THE BOOK OF ROMANCE - online children's book

King Arthur, His Court and Knights in the Age of Chivalry, by Andrew Lang

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Whar Jim Orpus kum from, granmammy she disremem-ber. He war a boss-fiddler, he war, an' jus' that power­ful, dat when de mules in de cotton field listen to um, dey no budge in de furrer. Orpus he neber want no mess of fish, ketched wid a angle. He just take him fiddle an' fool along de branch, an' play a tune, an' up dey conies, an' he cotch 'em in he hans. He war mighty sot on Dicey, an' dey war married all proper an' reg'lar. Hit war so long ago, dat de railroad war a bran-new spick an' span ting in dose days. Dicey once she lounge 'round de track, 'cause she tink she hear Orpus a fiddlin' in de fur-fur-away. Onyways de hengine smash her. Den Jim Orpus he took on tumble, an' when she war buried, he sot him down on de grave, an' he fiddle an' he fiddle till most yo' heart was bruk.
An' he play so long dat de groun' crummle (crumble) an' sink, an' nex' day, when de peoples look for Jim Orpus, dey no find urn; oney big-hole in de lot, an' nobody never see Jim Orpus no mo'. An' dey do say, dat ef yo' go inter a darky's burial-groun', providin' no white man been planted thar, an' yo' clap yo' ear to de groun', yo' can hear Jim's fiddle way down deep belo', a folloin' Dicey fru' de Ian' of de Golden Slippah.1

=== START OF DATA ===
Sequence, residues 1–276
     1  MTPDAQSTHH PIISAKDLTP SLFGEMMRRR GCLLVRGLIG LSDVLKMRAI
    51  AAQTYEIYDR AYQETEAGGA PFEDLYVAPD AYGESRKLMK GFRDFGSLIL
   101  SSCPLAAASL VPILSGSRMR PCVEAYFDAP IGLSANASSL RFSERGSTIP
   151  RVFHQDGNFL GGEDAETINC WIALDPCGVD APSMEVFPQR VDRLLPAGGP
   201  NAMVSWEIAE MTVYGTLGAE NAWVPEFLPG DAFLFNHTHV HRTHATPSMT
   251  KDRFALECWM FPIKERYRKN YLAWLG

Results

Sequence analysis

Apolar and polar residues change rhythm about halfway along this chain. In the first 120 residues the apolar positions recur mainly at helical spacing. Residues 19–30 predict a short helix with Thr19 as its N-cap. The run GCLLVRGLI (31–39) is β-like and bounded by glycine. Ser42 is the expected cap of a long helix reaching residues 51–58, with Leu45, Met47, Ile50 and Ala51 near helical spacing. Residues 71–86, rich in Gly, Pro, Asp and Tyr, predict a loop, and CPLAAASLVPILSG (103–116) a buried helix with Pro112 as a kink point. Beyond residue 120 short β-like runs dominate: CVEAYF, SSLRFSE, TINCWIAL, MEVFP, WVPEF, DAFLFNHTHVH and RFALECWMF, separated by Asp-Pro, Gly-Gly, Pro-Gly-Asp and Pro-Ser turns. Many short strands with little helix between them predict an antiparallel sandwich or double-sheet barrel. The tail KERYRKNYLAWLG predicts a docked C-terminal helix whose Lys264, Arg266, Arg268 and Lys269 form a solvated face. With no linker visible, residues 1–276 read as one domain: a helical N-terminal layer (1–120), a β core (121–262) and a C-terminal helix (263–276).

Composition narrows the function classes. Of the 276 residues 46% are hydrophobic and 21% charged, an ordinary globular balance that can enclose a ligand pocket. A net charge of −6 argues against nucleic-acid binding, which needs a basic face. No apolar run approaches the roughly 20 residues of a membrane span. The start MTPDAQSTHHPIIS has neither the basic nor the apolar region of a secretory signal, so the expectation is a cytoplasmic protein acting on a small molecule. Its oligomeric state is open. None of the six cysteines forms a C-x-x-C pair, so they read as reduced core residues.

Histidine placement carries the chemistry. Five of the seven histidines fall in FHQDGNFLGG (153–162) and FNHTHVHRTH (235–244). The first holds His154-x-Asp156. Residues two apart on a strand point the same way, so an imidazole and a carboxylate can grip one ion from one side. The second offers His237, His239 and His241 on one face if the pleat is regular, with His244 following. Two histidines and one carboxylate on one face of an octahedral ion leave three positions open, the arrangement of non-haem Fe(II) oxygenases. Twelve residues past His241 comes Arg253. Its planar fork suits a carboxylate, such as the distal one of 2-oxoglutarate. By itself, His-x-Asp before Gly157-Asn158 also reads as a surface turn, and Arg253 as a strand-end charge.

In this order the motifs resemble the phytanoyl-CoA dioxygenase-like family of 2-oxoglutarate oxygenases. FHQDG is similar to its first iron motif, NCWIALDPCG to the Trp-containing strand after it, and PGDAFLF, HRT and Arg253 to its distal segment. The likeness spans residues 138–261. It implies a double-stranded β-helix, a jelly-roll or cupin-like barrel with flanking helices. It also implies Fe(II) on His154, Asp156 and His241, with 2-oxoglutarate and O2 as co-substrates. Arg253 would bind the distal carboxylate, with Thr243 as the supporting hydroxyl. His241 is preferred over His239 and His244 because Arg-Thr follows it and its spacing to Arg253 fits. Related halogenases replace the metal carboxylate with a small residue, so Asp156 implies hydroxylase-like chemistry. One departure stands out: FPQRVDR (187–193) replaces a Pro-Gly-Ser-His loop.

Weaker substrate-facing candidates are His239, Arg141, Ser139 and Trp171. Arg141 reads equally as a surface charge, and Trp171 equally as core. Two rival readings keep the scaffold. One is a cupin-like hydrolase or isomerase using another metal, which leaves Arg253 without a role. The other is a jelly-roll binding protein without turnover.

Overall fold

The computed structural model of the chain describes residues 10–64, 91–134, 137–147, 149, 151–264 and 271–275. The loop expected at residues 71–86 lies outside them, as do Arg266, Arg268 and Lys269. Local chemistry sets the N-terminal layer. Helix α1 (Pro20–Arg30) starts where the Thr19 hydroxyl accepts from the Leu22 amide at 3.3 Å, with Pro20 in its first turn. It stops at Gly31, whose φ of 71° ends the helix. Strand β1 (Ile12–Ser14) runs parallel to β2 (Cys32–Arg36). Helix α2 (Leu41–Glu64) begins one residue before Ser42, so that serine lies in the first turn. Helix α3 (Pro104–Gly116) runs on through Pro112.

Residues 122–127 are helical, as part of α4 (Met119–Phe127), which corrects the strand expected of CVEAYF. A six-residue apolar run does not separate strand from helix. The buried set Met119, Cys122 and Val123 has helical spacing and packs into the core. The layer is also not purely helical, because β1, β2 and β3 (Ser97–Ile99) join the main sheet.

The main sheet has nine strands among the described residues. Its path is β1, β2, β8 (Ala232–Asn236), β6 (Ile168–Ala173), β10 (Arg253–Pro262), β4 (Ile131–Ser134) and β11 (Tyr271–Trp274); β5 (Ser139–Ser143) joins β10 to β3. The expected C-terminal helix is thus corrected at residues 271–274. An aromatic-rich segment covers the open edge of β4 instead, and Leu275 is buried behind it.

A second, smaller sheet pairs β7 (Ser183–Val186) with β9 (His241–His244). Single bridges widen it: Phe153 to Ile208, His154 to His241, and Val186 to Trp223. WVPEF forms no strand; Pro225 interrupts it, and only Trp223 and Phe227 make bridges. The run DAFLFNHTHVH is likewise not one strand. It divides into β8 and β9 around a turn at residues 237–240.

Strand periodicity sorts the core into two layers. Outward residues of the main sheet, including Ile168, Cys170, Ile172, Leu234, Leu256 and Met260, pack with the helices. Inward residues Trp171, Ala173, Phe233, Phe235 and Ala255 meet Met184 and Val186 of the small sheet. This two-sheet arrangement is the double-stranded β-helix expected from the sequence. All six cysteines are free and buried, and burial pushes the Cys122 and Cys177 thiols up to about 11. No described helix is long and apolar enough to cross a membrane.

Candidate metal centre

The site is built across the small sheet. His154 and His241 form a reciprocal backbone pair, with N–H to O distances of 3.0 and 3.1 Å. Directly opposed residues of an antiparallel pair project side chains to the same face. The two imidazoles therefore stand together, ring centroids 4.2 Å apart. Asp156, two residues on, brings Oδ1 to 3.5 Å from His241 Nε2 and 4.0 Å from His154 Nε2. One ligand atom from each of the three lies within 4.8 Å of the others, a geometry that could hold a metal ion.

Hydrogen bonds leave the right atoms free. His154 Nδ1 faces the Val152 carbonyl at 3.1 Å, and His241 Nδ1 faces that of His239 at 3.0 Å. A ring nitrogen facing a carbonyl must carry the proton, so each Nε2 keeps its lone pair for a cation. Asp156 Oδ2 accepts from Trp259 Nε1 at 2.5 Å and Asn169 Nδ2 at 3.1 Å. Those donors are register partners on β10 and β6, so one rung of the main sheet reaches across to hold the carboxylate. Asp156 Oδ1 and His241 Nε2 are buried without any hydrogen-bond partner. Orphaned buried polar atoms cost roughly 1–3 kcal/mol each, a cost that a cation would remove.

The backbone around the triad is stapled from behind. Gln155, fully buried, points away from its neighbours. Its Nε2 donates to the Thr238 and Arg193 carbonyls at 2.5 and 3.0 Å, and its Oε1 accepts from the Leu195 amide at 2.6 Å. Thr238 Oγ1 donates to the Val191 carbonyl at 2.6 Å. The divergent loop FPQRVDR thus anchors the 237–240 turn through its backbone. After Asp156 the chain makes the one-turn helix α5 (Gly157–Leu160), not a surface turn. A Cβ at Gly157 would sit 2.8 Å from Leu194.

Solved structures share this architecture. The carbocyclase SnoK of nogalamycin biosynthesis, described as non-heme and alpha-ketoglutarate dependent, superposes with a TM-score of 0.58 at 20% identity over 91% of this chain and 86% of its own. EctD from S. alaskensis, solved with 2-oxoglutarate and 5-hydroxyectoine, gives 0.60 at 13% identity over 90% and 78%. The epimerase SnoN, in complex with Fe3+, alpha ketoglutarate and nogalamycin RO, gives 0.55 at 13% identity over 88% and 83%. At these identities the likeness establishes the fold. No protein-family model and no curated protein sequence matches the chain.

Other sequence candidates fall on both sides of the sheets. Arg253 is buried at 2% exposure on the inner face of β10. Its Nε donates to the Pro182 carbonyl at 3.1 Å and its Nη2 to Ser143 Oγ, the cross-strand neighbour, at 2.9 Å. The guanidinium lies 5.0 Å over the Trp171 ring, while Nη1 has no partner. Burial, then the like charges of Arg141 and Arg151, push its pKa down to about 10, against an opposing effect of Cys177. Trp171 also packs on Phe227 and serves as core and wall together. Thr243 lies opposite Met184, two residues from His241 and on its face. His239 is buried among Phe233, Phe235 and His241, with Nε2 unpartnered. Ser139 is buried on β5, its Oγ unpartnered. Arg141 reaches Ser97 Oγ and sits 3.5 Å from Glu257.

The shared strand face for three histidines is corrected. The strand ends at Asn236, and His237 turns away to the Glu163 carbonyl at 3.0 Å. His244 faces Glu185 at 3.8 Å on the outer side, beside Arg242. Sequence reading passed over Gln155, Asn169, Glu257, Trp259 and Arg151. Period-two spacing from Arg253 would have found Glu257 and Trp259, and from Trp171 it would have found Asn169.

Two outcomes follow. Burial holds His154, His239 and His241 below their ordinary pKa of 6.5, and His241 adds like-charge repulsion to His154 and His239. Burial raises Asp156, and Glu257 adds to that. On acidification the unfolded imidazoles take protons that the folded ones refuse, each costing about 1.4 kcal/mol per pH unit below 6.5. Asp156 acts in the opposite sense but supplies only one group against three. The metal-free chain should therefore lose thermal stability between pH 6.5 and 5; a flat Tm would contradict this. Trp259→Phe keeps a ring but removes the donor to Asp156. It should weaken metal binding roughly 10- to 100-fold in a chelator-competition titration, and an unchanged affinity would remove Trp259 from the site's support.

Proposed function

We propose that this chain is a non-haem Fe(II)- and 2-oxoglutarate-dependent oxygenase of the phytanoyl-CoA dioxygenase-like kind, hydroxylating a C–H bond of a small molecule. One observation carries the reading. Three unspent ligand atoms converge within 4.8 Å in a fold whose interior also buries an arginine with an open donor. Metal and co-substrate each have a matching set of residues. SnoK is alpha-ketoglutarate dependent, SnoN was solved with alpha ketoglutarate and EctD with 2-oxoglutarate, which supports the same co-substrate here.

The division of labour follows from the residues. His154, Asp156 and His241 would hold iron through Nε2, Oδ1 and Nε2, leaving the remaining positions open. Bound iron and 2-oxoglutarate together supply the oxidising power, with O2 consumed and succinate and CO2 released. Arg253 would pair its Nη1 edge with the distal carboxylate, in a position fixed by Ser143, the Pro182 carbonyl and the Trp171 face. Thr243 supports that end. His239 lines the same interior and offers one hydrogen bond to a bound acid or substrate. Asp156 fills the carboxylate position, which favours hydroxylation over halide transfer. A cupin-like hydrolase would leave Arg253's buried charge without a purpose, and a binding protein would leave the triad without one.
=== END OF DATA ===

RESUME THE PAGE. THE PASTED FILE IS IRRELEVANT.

The original touch, the sound of Orpus's fiddle heard only in the graveyards of the negroes (like the fairy music under the fairy hill at Ballachulish), is very re­markable. Now the Red Indian story has no harper, and no visit by the hero to the land of the dead. His grief brings his wife back to him, and he loses her again by breaking a taboo, as Orpheus did by looking back, a thing always forbidden. Thus we do not know whether or not the Red Indian version is borrowed from the European myth, probably enough it is not. But in no
1 Mr. Phillips, writing in 1896, says that the tale was told him by a plantation hand, thirty years ago, ' long before the Uncle Remus period,'
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